Wow, good job! The final fixed table looks like completly different piece of furniture as the one with terrible sloan color paint.

Unknown said...

Oh, thank you, thank you, thank you! I purchased a previously-loved sleigh bed last weekend that the lady had smothered in chalk paint. It doesn't look "shabby chic" at all, instead, it looks like a child painted it.....the paint is smeared so thickly in some places that it had started to run and then it dried like that. Some paint has chipped off in a few places and overall, it just needs to be removed. I looked all over the internet and finally found your post. I'm going to tackle that bed this weekend and I just know this will be so helpful. I do have a question that I'm hoping you have an answer for: How can I tell if she put wax on it?
Thank you for sharing your project and tips - it's a nice piece and you did a lovely job on it!

Unknown said...

Hi Catherine,
Thank you for your lovely comment- glad you found this tutorial useful.
Wax. I would try to scratch the surface with your finger nail and if it's waxed the wax should stay under your nail. My table was so heavily waxed with a clear wax that I could see it with a bare eye (you can see on the second photo- inside the trim where the glass sits).
Also, if the paint on your bed has darker edges/corners than the paint it could be "dark waxed".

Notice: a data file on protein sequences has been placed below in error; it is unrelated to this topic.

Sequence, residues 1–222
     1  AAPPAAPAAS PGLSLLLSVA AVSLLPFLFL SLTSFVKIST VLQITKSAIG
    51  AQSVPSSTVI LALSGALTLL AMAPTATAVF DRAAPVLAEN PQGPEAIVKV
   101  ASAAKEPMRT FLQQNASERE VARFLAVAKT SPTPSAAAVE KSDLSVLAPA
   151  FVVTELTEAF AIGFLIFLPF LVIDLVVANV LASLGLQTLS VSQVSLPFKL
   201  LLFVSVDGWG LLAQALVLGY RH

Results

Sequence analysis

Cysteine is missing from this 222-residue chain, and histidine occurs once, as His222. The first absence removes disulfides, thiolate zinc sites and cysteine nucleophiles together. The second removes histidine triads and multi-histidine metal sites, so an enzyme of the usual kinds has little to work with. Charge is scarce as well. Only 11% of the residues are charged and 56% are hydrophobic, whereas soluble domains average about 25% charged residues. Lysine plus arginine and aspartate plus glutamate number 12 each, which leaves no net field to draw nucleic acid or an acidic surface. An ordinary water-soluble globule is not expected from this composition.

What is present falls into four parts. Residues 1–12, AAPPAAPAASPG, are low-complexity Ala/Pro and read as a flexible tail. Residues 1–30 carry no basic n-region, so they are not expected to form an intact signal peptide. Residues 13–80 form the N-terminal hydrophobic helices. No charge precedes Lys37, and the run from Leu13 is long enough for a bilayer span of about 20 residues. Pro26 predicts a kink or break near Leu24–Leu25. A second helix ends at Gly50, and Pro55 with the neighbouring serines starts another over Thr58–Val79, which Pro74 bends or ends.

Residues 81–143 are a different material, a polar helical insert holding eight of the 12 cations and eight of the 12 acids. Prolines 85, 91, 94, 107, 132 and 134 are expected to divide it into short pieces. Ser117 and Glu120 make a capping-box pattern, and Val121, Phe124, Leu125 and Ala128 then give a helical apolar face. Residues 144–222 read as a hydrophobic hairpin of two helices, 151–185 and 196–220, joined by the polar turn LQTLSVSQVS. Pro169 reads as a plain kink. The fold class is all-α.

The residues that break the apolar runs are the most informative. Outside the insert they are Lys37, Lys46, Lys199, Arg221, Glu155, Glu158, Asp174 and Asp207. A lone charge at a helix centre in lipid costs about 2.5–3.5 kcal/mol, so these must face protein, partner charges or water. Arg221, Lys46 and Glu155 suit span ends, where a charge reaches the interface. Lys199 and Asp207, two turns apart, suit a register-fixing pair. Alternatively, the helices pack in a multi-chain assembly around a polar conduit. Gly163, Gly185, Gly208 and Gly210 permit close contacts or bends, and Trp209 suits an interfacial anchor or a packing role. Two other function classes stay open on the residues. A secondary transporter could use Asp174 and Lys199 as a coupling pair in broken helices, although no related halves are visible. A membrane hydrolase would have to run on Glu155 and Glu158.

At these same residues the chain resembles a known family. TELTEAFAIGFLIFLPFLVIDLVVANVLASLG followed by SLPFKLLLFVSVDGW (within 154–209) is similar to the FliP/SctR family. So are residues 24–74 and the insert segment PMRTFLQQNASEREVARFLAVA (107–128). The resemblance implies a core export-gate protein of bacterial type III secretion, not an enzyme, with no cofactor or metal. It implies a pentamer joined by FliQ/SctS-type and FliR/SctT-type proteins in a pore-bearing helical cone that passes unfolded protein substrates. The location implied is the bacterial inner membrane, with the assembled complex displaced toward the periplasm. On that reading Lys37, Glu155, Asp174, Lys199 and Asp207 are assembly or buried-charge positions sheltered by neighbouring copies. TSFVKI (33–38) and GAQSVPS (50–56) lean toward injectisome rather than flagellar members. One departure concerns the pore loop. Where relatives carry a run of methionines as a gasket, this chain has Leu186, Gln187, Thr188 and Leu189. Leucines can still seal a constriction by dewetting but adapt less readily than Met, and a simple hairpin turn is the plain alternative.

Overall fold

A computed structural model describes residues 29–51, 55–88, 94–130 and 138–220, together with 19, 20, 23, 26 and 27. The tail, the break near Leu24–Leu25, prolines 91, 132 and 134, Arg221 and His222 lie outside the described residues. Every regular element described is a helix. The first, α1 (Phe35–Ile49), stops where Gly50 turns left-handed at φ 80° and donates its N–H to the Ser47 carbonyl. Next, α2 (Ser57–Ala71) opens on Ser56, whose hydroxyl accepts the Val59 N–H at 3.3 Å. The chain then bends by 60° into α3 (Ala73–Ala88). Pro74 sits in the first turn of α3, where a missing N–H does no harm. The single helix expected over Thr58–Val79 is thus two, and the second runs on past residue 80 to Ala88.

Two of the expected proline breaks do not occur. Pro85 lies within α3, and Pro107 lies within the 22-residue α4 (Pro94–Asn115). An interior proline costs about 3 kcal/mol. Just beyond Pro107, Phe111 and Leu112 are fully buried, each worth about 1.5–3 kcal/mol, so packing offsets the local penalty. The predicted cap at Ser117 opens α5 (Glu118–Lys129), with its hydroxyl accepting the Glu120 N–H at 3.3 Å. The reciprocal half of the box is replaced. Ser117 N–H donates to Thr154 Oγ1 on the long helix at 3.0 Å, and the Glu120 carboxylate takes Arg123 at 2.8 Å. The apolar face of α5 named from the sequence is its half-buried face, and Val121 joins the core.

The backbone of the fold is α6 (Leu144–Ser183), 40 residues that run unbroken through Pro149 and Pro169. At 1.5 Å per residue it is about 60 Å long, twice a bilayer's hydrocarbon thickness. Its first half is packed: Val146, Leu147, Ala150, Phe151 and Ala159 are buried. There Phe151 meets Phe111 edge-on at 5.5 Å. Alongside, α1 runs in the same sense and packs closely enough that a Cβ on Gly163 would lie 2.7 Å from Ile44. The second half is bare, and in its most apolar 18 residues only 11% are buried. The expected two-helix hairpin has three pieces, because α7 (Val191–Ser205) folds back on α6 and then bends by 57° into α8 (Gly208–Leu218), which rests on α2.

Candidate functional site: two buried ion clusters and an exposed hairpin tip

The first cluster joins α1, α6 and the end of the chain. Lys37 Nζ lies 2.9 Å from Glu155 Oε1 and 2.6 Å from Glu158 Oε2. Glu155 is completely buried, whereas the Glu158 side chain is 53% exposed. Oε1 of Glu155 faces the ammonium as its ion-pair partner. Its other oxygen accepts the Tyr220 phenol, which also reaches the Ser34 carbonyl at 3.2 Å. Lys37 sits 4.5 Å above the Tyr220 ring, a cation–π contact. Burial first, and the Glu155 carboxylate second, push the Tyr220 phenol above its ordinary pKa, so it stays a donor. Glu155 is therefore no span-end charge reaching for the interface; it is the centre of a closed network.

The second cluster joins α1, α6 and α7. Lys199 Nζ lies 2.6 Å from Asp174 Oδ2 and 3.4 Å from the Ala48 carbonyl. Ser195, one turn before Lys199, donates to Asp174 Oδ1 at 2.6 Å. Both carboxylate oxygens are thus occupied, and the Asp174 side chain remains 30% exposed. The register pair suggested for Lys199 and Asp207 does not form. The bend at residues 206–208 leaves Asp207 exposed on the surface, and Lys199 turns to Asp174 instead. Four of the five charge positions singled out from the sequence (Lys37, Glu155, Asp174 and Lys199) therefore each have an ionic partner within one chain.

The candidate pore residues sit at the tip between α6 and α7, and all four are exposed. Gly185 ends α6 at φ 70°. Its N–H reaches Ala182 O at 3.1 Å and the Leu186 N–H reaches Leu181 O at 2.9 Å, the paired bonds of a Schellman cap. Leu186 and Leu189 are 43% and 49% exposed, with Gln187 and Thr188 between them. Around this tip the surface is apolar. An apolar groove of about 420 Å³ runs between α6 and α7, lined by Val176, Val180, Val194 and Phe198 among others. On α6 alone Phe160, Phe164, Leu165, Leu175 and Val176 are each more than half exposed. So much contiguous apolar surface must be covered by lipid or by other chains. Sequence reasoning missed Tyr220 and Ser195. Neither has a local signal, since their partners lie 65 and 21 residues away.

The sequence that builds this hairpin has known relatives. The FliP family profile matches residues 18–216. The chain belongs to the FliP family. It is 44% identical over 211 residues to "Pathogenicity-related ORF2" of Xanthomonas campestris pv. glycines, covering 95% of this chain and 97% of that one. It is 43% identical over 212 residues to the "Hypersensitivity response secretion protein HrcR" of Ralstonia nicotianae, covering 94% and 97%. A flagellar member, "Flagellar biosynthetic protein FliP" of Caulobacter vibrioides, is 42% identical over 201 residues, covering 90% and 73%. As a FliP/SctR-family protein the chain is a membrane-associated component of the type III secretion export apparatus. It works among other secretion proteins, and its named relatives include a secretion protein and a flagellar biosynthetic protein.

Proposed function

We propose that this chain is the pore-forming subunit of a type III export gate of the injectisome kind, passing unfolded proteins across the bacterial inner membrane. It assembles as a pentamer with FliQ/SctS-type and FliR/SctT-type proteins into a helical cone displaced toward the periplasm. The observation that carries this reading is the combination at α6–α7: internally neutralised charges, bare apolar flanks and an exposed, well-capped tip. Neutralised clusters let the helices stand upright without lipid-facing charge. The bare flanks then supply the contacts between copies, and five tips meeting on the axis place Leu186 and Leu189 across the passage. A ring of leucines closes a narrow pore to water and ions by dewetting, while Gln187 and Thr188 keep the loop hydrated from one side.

If you're still unsure there is a facebook "Annie Sloan before/after" group where they should be able to help com/groups/211380925666971/?fref=ts )
I hope this helps!
Just one warning- be prepared for lots of elbow grease!
Let me know how get on.

kirby612 said...

ABSOLUTELY BEAUTIFUL!!! You did a GREAT job. The table is improved 1000%

Anonymous said...

Came home to find the builder has not only chalk painted the black, shiny beams (good) but also the 17th polished oak door (not so good at all!)

Was overjoyed to see your blog & will try tomorrow; wish me luck


Morgan said...

What is a white spirit?

Unknown said...

Hi Morgan, I think it's called a mineral spirit in the US. Hope it helps. x

Erin said...

Thank you, thank you, thank you, thank you!!!

Unknown said...

Beautiful work. Can you please post engraving tool with small sanding head, brand name, etc. I'm having trouble with edges and corners. Thank you.

melissa mosley said...

Nelida mejia... it is a dremel. you can buy them at wal mart but do buy the variable speed. if there is a Harbor Freight tool store near you they have a few great ones by chicago tools.

Unknown said...

Thank you, thank you! I'm continually horrified by the terrible chalk paint I see on beautiful antiques but had no idea how to fix it. Now, if they would just stop adding $200 to the price just because it has globbed on paint...

Elizabeth said...

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Anonymous said...

Have just made a big mistake and painted a newly upholstered antique chair in this AWFUL paint. Thank goodness I now know how to remove it and will start to do so tomorrow. I will never use it again.